As I head back to Mercy Ships to start my new job doing off ship community health I feel more empowered and less nervous about whatever God asks of me. Please also keep this Mercy Ships outreach to Sierra Leone in your prayers and be excited for all that God is going to do in this new place.


Back to Togo...

I just returned from my third visit to Togo…
oh wait sorry, let me back up a second and fill you in on what made this third visit part of my itinerary. Many of you may remember my unexpected stop to Togo last September, when I was unable to get a visa to Ghana. At that time, I was just thankful to be back in West Africa and not to be in jail. I wasn’t thinking that God had a greater purpose but I should have known. During that time I ended up seeing some old friends, making great new ones, and getting my first taste of what CHE was all about. The very last day while in Togo I still hadn’t met back up with one of my Mercy ships friends, Pastor James. But thankfully God worked things out and my last few hours in Togo I was able to see him and his family. I was one of the many crew on board that was touched by Pastor James and his church in the fishing village. While meeting with Pastor James and his wife, I told them about the CHE program and how I thought that this would be a great program for his church and the whole village. Then once in Ghana I connected the CHE trainer Daniel with Pastor James and left the details up to God.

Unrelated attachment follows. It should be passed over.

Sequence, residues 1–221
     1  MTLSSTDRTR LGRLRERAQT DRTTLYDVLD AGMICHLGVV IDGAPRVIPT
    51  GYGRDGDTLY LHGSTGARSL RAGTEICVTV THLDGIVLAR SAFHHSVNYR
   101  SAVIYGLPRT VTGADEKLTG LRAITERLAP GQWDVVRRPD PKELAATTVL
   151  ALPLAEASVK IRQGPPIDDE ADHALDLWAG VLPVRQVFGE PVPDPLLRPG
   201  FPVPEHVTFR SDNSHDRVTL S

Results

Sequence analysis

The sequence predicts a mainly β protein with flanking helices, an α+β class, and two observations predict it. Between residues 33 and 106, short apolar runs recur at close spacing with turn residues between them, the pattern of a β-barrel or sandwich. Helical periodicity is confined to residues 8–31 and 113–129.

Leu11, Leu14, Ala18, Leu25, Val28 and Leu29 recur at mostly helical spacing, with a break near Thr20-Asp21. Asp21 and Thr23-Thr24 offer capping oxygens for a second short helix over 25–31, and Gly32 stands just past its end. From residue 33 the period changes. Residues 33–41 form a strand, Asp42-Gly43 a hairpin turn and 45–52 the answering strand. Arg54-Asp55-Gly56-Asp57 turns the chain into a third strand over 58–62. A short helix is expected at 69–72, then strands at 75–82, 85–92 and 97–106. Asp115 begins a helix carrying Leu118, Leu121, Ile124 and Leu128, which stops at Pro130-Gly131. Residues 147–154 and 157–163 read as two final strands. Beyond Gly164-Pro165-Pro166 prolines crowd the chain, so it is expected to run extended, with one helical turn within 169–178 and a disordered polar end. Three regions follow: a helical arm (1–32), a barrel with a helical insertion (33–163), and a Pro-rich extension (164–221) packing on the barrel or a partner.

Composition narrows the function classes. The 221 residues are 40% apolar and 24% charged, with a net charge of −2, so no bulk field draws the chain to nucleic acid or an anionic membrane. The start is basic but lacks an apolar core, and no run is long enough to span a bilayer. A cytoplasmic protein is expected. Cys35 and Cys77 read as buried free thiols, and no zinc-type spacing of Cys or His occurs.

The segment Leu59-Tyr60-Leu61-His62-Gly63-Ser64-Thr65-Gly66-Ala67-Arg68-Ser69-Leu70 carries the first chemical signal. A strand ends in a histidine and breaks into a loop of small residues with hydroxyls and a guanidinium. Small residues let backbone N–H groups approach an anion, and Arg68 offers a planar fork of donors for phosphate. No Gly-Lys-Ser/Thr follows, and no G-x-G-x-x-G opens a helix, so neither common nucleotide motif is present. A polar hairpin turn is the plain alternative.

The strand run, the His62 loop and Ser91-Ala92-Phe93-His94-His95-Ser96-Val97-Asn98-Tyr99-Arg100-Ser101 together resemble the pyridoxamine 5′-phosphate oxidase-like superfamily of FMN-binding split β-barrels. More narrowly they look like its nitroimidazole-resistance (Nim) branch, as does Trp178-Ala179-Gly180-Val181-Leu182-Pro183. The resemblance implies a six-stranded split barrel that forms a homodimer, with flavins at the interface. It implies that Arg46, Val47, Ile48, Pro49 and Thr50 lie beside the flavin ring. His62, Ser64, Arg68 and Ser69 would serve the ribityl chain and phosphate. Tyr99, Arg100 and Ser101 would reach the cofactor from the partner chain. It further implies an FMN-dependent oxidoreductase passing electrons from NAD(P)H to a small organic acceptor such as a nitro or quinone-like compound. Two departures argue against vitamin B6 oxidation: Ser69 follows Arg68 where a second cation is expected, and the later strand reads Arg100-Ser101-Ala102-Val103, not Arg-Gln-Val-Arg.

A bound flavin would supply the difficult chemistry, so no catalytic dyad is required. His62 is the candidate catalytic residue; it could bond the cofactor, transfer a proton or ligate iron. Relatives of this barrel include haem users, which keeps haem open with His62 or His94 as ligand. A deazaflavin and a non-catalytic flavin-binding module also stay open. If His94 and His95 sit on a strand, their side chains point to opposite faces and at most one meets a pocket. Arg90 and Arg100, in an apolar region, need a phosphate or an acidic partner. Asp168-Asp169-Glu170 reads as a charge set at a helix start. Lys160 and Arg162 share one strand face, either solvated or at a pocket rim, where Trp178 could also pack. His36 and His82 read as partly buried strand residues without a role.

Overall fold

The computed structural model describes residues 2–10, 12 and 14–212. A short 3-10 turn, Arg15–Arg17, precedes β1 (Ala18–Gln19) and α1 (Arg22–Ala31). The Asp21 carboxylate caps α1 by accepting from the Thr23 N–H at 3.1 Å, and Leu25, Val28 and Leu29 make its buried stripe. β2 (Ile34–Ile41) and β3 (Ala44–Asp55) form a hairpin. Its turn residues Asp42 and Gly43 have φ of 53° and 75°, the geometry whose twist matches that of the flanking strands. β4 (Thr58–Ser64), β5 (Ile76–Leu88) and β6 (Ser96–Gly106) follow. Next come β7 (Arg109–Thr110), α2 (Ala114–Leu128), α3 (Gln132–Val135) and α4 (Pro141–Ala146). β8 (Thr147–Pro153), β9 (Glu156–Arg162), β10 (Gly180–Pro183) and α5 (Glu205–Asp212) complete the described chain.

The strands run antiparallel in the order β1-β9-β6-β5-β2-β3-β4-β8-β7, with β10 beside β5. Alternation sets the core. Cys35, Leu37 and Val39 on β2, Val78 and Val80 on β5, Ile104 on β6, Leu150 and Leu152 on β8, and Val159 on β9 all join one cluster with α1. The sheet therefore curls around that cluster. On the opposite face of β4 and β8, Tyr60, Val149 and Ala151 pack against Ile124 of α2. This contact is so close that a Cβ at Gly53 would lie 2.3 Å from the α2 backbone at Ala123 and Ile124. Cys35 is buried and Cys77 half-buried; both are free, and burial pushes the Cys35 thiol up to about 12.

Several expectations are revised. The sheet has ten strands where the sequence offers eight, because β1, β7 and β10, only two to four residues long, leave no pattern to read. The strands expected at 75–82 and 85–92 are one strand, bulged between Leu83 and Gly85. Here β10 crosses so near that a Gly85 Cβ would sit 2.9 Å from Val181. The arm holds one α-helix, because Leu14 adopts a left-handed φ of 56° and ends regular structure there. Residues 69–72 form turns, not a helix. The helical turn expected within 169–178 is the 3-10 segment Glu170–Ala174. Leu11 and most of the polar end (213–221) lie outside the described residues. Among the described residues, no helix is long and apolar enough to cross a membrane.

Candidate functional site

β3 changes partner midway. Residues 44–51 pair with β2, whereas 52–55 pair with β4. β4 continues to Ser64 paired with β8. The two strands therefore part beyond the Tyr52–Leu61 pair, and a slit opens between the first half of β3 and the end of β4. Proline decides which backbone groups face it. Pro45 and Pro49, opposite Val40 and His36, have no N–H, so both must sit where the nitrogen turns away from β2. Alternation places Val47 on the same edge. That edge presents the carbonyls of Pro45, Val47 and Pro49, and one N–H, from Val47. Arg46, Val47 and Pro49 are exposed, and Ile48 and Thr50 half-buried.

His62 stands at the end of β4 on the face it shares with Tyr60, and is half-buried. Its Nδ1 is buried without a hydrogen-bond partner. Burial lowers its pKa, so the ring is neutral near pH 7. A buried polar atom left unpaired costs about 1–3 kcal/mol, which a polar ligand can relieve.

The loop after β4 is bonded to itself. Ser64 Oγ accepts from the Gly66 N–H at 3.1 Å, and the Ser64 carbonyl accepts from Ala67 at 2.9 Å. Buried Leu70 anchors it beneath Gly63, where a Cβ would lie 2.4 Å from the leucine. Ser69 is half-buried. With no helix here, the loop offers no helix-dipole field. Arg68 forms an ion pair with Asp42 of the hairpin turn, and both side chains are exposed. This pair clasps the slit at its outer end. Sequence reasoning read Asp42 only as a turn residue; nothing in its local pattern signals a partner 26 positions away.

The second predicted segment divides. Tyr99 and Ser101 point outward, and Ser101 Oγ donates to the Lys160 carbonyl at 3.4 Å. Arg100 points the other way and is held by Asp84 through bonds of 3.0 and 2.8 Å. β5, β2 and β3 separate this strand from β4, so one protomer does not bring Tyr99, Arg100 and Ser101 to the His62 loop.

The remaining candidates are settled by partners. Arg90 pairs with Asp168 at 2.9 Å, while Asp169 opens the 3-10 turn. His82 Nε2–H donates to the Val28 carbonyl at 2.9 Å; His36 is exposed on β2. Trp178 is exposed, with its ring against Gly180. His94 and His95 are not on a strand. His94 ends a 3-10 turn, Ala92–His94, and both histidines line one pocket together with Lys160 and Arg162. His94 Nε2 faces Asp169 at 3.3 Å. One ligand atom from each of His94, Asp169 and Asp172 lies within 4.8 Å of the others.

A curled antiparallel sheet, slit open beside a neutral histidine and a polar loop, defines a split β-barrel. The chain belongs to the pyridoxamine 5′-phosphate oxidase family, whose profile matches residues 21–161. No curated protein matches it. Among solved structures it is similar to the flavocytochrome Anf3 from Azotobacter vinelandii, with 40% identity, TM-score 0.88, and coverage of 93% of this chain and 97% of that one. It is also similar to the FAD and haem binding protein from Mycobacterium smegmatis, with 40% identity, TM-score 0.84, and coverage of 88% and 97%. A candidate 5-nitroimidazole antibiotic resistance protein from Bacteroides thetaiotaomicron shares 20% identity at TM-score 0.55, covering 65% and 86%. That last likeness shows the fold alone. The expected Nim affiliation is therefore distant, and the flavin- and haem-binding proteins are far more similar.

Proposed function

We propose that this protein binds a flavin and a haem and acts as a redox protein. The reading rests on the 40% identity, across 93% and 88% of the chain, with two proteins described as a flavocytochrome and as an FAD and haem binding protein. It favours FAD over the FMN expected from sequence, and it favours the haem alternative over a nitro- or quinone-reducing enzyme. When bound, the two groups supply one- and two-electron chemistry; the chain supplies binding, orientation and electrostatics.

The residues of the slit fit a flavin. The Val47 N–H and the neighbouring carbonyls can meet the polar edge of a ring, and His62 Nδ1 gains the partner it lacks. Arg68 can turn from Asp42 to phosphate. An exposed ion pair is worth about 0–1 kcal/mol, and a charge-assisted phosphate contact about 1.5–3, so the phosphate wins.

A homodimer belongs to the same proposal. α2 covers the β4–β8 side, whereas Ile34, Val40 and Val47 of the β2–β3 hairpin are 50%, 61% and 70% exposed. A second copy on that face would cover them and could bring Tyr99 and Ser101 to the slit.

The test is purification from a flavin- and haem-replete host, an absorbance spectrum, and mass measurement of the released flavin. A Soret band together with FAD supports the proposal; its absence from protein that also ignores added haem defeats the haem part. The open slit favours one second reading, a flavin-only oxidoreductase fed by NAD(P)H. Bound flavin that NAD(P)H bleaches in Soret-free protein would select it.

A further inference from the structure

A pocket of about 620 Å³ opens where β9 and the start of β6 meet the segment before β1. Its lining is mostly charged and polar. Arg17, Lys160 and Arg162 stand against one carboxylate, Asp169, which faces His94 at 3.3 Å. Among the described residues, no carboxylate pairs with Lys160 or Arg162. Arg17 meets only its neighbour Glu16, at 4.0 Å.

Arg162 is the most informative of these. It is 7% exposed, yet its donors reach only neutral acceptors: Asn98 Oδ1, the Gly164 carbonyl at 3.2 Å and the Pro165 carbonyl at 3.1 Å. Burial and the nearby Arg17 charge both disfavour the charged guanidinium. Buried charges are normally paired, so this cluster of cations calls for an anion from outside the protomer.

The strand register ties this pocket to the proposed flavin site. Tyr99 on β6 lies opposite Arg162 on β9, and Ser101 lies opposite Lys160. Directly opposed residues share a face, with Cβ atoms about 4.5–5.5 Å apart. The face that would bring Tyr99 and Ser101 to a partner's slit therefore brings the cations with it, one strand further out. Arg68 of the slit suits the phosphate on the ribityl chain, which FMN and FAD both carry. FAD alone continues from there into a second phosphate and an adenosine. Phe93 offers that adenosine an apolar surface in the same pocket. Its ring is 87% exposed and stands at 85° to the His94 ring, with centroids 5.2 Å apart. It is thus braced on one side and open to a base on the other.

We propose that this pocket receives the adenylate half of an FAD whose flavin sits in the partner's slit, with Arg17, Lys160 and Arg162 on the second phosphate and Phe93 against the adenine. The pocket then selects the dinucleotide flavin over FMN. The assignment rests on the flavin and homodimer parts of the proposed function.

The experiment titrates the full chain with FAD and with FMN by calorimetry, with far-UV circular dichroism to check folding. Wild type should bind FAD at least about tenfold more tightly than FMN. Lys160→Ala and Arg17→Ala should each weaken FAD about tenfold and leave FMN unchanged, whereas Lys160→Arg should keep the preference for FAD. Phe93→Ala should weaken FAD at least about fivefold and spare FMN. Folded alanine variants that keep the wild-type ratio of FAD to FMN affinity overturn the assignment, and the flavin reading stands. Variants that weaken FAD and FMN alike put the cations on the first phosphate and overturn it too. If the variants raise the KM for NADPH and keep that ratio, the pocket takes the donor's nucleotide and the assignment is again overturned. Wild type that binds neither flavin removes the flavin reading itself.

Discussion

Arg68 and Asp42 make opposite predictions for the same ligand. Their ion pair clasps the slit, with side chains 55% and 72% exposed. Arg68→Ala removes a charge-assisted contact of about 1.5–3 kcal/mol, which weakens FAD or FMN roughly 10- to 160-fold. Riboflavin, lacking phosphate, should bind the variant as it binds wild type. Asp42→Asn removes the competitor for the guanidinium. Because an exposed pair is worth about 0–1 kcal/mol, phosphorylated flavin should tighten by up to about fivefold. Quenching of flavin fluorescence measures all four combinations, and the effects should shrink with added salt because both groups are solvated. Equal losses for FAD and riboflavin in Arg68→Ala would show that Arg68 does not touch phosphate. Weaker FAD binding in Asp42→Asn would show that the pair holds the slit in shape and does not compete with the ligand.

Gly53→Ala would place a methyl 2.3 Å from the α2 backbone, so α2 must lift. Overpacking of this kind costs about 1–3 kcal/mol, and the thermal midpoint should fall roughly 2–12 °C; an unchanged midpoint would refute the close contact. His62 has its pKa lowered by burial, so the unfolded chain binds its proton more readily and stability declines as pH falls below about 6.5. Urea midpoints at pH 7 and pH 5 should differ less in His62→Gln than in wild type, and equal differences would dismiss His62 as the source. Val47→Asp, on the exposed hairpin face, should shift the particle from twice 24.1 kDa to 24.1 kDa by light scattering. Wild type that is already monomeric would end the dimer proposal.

Over the months while I was away from Togo, Daniel and Pastor James connected. Daniel held a CHE training with Pastor James and some of the members of his church. They set up a school screening in the village to bring awareness to the parents but also to the whole community, of the many health issues. Once the results are in we then present them to the chiefs of the village and to the community. Now even before screening the kids we all knew that the results would be bad due to the horrible living conditions. To give you a vague picture of what I mean, imagine a beach community located next to the fishing port. All of these families live in palm branch houses with very crowded living conditions. Their main occupation is fishermen and fish smokers. To understand fish smoking I had to see if for myself to understand. Picture a HUGE fireplace with a roof whose main purpose is to create smoke to cook hundreds of fish. BUT due to the close living quarters and shabby housing, this smokehouse is located 5 feet in front of your bedroom door. So each and every person in that village, even if they had never had a single drag from a cigarette, their lungs look as if they’ve been smoking for 20+ years. Physically I knew this village needed help BIG time due to fish smoking but also sanitation issues, health ignorance, and limited farming which equals bad nutrition. But on top of that I also knew spiritually they most of them don’t know Christ as their Savior and so most everyone in the village, including the chiefs, practice voodoo with pride. To prove, once again, how much the devil hates what CHE is doing, the day before our school screening a man traveled to the village to sacrifice two cows to the gods. Sorry devil but the battle has already been won…